Paying it forward; Legendary Blue Jay outfielder is now breaking records off the field, set to cross the $1-million mark with his Joe Carter Charity Classic golf tournament

Toronto Star
June 26th, 2014
Page: S7, Section: Feature Pages
Peter Robinson Special to the Star

“Joe Carter hit only the second home run ever to end a World Series, but he’s still hitting them out of the park two decades later, albeit in a different fashion.

“The Joe Carter Charity Classic, which raises money for the Children’s Aid Foundation and other local children’s charities, is set to cross the $1-million threshold in just its fifth year – a benchmark of which the man behind the tournament is clearly proud.

“”I couldn’t have quite envisioned this,” he says of the event’s growth.

“It’s a testament to the committee, our sponsors. Sure, my name is on it, but getting to this point has been about the people who’ve made it happen, whether it’s (committee co-chair) James Dodds, or all the others who help out.

“But, no, I didn’t quite see it would be quite like this so relatively quickly,” Carter continues. “That said, when we started this we wanted it to be the best possible charity event it could be and we’ve achieved that goal.”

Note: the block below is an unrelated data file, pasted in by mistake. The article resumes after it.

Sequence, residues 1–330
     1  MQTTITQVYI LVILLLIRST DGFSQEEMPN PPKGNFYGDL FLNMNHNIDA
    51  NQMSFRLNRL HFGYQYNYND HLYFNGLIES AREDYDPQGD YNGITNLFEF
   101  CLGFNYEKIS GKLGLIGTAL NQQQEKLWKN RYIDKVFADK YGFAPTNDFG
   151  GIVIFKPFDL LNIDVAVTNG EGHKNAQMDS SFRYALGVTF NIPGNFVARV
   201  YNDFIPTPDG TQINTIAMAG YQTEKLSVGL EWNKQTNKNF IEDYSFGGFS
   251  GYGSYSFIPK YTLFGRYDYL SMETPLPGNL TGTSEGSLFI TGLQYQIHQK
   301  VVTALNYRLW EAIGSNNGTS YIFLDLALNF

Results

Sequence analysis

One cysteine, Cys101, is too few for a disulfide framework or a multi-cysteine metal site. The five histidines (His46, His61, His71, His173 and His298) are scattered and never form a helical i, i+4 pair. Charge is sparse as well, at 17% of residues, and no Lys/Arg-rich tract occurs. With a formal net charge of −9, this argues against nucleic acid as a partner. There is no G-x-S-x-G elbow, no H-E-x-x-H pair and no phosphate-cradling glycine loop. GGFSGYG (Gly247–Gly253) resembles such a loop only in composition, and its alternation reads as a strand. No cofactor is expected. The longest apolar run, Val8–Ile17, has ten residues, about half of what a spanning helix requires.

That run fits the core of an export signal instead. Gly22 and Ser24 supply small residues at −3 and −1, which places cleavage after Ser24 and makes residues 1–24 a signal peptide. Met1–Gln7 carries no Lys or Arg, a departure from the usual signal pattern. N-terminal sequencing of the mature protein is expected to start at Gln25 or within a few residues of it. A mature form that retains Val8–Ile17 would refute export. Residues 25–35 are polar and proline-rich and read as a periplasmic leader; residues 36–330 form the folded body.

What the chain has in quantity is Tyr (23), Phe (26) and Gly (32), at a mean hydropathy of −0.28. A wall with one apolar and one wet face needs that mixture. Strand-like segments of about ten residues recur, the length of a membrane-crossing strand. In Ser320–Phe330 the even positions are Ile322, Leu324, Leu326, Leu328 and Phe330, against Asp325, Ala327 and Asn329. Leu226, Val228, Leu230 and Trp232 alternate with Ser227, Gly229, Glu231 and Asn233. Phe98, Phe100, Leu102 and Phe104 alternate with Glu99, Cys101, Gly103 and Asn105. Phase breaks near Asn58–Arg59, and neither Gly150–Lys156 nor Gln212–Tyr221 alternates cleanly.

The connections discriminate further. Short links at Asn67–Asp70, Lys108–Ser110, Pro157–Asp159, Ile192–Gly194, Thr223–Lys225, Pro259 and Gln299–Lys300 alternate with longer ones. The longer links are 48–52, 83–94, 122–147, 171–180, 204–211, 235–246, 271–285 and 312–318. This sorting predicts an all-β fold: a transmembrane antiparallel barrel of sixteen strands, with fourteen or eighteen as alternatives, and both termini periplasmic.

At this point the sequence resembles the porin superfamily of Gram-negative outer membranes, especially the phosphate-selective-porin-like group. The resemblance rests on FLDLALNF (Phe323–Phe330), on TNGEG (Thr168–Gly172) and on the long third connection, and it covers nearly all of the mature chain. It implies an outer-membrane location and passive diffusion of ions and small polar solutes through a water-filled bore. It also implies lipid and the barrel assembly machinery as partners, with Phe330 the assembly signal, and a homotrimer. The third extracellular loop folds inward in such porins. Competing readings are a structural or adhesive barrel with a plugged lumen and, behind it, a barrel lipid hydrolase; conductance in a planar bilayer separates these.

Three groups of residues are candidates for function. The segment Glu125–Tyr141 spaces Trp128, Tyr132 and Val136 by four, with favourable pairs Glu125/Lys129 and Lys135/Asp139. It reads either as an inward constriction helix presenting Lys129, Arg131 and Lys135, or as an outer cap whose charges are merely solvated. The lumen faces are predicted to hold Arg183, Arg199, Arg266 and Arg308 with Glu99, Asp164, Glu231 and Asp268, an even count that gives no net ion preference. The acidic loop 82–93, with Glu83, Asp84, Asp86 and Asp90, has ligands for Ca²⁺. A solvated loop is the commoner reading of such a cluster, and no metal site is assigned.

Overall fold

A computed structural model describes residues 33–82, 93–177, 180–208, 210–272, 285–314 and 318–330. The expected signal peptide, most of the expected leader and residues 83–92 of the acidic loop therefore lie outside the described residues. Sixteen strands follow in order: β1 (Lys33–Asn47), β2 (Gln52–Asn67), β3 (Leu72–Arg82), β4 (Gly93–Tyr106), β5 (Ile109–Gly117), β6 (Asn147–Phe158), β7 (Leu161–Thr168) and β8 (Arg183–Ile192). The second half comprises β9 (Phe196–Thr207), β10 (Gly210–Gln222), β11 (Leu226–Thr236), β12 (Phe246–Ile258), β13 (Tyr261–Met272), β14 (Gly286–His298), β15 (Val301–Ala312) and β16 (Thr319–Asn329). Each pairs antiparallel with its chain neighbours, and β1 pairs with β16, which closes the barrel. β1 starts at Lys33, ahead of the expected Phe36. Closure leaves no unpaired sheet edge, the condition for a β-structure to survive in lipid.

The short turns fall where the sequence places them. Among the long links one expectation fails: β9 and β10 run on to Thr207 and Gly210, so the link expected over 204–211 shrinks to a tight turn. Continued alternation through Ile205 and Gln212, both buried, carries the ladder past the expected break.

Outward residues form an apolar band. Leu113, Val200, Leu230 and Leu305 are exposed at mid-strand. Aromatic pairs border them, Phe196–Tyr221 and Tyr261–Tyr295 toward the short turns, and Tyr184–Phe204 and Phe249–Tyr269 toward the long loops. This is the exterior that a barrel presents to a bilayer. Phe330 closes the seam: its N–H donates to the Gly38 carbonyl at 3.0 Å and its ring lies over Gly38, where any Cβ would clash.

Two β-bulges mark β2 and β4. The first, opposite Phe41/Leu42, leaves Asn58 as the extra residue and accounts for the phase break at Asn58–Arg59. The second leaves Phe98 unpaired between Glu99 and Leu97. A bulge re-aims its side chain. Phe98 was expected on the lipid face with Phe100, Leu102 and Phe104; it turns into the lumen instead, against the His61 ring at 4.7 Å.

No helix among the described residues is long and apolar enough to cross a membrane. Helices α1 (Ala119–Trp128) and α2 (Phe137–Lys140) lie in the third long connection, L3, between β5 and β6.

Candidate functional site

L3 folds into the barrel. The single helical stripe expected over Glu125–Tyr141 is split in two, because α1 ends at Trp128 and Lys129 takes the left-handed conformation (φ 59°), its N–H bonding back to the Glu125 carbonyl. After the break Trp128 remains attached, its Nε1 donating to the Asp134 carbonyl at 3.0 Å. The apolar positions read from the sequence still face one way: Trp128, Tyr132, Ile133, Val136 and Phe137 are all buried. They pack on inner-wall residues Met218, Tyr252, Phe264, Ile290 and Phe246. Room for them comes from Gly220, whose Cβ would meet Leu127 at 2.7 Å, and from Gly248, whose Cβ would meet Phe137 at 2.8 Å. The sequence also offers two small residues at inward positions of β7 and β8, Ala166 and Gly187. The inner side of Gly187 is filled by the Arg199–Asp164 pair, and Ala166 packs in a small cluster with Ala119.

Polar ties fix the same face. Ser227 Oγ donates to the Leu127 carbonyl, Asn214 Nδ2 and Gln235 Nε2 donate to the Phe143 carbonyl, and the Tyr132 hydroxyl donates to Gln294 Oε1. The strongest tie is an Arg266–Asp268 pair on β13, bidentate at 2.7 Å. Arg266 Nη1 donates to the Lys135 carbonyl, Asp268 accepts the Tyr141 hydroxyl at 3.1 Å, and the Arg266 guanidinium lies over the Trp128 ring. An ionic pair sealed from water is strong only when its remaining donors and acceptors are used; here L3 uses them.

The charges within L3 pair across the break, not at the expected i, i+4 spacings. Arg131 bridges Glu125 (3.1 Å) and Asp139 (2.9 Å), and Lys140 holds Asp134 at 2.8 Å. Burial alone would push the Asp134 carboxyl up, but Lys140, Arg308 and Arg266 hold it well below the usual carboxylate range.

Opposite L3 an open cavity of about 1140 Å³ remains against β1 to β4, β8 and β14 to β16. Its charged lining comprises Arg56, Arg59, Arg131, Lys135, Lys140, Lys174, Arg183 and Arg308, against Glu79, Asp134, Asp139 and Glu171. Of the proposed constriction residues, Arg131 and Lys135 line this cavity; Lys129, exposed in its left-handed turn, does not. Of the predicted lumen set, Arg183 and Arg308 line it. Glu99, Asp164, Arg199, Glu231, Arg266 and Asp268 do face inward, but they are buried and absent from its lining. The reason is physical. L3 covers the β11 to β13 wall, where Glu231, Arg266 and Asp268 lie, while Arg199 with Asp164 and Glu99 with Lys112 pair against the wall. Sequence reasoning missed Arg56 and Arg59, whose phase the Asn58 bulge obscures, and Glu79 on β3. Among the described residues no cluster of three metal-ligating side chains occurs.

“Underlying the growth of the Joe Carter Classic, its celebrity component and the fun had by all who participate, is the concept of giving back and “paying it forward,” a concept Carter refers to often.

“”With kids who are at risk, in abusive situations,” says Carter, “you have to try and give them the opportunity to succeed. I remember one young lady I spoke to one year, who was (sponsored) by the tournament, she just said it perfectly when she said, ‘Everybody needs help.'”

Athletes, entertainers and successful business people giving back is not a new concept, but Carter believes there is also an element to donating time and money that can also help fill the void retired athletes face, unique to their situation once their playing careers are over.

“”Playing baseball is great, it’s a great living,” says Carter. “But when (you retire) and you can give back, it’s another benchmark that you’ve been successful. . . . What it really comes down to is about paying it forward.

“”We are now in a position where we can see kids who’ve got their college degrees, they’ve become educators, lawyers and doctors . . . it’s (gratifying) to see how the funds raised are being used.”

“Carter, of course, is perhaps the most-identifiable figure on the championship Blue Jay teams of the early 1990s. Those teams won two World Series, a pinnacle the franchise would dearly love to achieve again.

“How much did golf figure on those World Series-champion Blue Jay teams of two decades ago?

“There were times when we would have 20 golf bags ready to go on the road,” says Carter. “Ed Sprague, John Olerud, Kelly Gruber, Cito (Gaston), Gene Tenace … a lot of them golfed.”

“Carter is hovering between a one- and two-handicap.

“Low-ball hitter,” he says with a laugh, in reference to the one swing in golf and baseball that are somewhat similar.

“I practise more than I play … sometimes things just get in the way, around the house, life stuff.

“But I have fun, I enjoy the competitive nature of it. As the saying goes, you never have a bad day on the golf course.”